What are Models?

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The article provides a brief overview of GPT models, including their variants, how they work, and how they can be fine-tuned. It also mentions similar LLM AI models and compares models based on their number of parameters.

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A model refers to a specific instance or version of an LLM AI, such as GPT-3 or Codex, that has been trained and fine-tuned on a large corpus of text or code (in the case of the Codex model), and that can be accessed and used through an API or a platform. OpenAI and Azure OpenAI offer a variety of models that can be customized and controlled through parameters or options, and that can be applied and integrated to various domains and tasks.

About available OpenAI and Azure OpenAI GPT models

There are four Generative Pre-trained Transformer (GPT) models currently available from OpenAI and Azure OpenAI. They are composed of four variants: Ada, Babbage, Curie, and Davinci. They differ in the number of parameters, the amount of data they were trained on, and the types of tasks they can perform.

Ada is the smallest and simplest model, with 350 million parameters and 40GB of text data. It can handle basic natural language understanding and generation tasks, such as classification, sentiment analysis, summarization, and simple conversation.

Babbage is a larger model, with 3 billion parameters and 300GB of text data. It can handle more complex natural language tasks, such as reasoning, logic, arithmetic, and word analogy.

Curie is a very large model, with 13 billion parameters and 800GB of text data. It can handle advanced natural language tasks, such as text-to-speech, speech-to-text, translation, paraphrasing, and question answering.

Davinci is the largest and most powerful model, with 175 billion parameters and 45TB of text data. It can handle almost any natural language task, as well as some multimodal tasks, such as image captioning, style transfer, and visual reasoning. It can also generate coherent and creative texts on any topic, with a high level of fluency, consistency, and diversity.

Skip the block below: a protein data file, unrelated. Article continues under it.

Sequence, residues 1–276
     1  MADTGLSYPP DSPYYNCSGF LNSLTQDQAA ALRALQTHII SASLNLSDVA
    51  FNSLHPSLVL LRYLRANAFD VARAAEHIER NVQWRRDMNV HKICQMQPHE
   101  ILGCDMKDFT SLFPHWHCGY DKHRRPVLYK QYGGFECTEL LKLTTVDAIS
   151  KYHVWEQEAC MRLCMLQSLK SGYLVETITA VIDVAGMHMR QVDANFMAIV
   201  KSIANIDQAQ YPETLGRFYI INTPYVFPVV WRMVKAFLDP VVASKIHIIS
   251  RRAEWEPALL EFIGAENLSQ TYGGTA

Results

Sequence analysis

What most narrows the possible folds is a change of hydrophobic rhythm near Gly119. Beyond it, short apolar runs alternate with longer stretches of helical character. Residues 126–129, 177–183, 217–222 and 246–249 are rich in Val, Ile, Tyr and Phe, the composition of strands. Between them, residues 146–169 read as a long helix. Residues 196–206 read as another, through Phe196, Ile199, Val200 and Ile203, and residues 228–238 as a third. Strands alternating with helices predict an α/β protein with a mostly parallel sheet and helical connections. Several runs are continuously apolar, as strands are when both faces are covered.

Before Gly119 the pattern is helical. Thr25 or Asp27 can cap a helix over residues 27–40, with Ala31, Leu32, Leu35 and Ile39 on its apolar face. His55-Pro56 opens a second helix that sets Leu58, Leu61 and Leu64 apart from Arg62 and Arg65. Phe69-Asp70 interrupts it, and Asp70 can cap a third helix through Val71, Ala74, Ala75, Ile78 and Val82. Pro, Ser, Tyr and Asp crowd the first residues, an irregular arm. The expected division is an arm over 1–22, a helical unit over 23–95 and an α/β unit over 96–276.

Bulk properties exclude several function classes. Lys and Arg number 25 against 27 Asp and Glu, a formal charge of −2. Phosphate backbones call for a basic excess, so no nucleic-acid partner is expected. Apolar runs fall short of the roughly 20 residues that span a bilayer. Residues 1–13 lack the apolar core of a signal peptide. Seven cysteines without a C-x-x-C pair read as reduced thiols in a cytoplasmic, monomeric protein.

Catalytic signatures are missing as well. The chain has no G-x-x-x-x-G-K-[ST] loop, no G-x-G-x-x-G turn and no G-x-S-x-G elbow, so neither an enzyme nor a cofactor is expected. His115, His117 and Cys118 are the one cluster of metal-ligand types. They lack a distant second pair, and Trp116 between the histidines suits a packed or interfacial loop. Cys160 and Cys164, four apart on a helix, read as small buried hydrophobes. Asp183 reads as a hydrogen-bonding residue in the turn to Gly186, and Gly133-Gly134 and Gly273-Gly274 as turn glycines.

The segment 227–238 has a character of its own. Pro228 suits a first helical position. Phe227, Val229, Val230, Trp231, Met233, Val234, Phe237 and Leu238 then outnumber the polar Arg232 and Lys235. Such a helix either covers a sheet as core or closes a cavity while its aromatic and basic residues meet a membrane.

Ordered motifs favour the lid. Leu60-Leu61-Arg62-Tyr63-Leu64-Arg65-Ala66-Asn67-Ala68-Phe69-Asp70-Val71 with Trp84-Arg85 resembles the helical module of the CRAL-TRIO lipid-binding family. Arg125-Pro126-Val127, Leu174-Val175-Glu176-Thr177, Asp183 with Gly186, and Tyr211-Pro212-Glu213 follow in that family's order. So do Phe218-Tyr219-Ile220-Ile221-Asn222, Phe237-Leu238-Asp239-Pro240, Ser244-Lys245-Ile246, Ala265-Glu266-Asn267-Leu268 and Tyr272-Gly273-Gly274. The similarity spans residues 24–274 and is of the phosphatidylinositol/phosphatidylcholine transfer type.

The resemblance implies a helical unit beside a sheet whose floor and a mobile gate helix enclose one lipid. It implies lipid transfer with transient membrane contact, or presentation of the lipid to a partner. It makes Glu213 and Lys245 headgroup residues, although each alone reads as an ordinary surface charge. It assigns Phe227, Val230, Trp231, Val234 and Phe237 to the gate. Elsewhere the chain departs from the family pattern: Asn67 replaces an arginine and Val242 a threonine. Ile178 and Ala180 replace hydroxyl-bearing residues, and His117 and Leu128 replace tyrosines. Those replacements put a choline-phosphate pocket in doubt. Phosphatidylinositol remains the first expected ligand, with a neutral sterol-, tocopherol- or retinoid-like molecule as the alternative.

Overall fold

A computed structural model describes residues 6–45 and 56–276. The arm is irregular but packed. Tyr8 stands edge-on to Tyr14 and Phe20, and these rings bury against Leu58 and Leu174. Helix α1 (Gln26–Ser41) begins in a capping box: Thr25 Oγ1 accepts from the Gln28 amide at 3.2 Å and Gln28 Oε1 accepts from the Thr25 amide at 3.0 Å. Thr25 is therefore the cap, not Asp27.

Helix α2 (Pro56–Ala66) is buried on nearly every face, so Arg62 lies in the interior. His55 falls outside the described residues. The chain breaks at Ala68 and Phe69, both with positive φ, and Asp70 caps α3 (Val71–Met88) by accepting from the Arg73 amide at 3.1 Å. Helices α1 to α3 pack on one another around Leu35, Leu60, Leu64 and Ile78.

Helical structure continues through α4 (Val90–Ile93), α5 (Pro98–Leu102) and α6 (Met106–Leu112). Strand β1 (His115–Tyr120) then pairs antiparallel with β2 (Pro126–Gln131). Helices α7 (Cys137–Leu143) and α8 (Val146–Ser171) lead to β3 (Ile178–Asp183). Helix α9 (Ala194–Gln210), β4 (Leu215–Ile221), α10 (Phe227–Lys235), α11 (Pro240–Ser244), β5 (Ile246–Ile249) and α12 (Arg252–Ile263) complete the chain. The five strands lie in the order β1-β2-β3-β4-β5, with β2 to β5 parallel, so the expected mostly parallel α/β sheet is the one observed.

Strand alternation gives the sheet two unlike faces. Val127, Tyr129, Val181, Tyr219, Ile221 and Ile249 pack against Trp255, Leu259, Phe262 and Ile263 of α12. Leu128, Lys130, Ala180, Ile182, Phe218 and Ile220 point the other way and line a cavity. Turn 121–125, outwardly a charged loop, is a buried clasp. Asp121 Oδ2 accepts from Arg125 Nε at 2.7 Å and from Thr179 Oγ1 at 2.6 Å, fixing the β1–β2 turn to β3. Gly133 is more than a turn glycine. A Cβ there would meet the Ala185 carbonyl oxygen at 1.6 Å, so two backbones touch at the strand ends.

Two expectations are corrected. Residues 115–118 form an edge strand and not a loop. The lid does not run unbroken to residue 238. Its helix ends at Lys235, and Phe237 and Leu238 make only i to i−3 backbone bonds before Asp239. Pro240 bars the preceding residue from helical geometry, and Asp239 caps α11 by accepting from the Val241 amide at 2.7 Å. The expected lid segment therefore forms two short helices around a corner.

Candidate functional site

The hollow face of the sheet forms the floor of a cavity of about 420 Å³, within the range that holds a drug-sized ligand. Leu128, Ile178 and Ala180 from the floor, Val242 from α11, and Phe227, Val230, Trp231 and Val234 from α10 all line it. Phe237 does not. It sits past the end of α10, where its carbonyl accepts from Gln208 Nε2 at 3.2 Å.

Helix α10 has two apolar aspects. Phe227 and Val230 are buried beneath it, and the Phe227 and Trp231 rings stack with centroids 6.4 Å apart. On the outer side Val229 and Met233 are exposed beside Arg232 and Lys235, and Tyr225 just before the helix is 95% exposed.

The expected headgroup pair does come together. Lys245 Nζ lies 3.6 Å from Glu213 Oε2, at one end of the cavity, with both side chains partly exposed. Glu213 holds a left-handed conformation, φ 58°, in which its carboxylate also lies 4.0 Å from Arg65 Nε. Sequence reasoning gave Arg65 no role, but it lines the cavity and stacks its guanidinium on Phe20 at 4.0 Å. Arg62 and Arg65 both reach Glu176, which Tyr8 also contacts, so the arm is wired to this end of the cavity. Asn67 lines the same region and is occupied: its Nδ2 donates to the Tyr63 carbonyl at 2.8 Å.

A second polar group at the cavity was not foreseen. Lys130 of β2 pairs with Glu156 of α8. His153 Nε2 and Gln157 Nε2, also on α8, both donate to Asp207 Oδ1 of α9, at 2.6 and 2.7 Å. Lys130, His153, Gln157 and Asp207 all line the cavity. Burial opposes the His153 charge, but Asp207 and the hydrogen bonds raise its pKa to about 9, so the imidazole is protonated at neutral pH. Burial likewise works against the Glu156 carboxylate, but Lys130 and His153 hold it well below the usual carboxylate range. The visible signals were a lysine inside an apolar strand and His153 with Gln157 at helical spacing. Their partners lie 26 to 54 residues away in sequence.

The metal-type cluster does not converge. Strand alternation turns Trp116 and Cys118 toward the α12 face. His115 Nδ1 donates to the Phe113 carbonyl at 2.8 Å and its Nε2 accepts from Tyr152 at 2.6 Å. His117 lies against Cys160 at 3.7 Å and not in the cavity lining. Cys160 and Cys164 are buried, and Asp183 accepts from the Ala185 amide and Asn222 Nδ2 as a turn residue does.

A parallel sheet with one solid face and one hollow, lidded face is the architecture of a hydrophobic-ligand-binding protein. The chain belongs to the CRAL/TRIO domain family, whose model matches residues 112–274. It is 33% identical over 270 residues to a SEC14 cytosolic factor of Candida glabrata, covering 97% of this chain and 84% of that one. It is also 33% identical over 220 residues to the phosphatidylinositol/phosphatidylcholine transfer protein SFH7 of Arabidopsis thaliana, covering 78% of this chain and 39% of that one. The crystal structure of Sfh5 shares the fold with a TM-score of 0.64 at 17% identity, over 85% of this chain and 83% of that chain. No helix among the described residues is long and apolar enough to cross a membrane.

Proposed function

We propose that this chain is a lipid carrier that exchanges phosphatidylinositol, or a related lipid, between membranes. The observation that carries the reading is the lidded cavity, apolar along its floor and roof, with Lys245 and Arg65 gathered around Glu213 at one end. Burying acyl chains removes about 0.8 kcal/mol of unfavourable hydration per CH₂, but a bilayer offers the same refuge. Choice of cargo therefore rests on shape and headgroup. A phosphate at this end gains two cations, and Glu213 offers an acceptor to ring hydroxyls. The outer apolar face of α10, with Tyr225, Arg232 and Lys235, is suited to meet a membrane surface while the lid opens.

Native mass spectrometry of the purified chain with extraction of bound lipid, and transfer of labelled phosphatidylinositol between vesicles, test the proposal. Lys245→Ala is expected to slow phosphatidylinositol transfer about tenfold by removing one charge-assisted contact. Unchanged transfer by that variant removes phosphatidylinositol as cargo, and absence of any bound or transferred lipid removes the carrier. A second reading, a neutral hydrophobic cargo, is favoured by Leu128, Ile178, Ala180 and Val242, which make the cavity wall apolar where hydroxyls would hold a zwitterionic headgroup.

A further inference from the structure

Model Parameters Tasks
text-ada-001 350 million Basic NLU** and NLG**
text-babbage-001 3 billion Complex NLU and NLG
text-curie-001 13 billion Advanced NLU and NLG
text-davinci-003 175 billion Almost any NLU, NLG, and multimodal task

**Natural Language Understanding (NLU) / Natural Language Generating (NLG)

How does a GPT model work?

A GPT model is a type of neural network that uses the transformer architecture to learn from large amounts of text data. The model has two main components: an encoder and a decoder. The encoder processes the input text and converts it into a sequence of vectors, called embeddings, that represent the meaning and context of each word. The decoder generates the output text by predicting the next word in the sequence, based on the embeddings and the previous words. The model uses a technique called attention to focus on the most relevant parts of the input and output texts, and to capture long-range dependencies and relationships between words. The model is trained by using a large corpus of texts as both the input and the output, and by minimizing the difference between the predicted and the actual words. The model can then be fine-tuned or adapted to specific tasks or domains, by using smaller and more specialized datasets.

What is a baseline comparison rubric for LLM AIs?

LLM AI Model Parameters Year
BERT 340 million 2018
GPT-2 1.5 billion 2019
Meena 2.6 billion 2020
GPT-3 175 billion 2020
LaMDA 137 billion 2022
BLOOM 176 billion 2022

LLM AI models are generally compared by the number of parameters — where bigger is usually better. The number of parameters is a measure of the size and the complexity of the model. The more parameters a model has, the more data it can process, learn from, and generate. However, having more parameters also means having more computational and memory resources, and more potential for overfitting or underfitting the data. Parameters are learned or updated during the training process, by using an optimization algorithm that tries to minimize the error or the loss between the predicted and the actual outputs. By adjusting the parameters, the model can improve its performance and accuracy on the given task or domain.

Easily test different models using Semantic Kernel tools

If you want to easily test how different models perform, you can use the Semantic Kernel VS Code Extension to quickly run a prompt on AI models from OpenAI, Azure OpenAI, and even Hugging Face.

Switching models in the Semantic Kernel VS Code Extension

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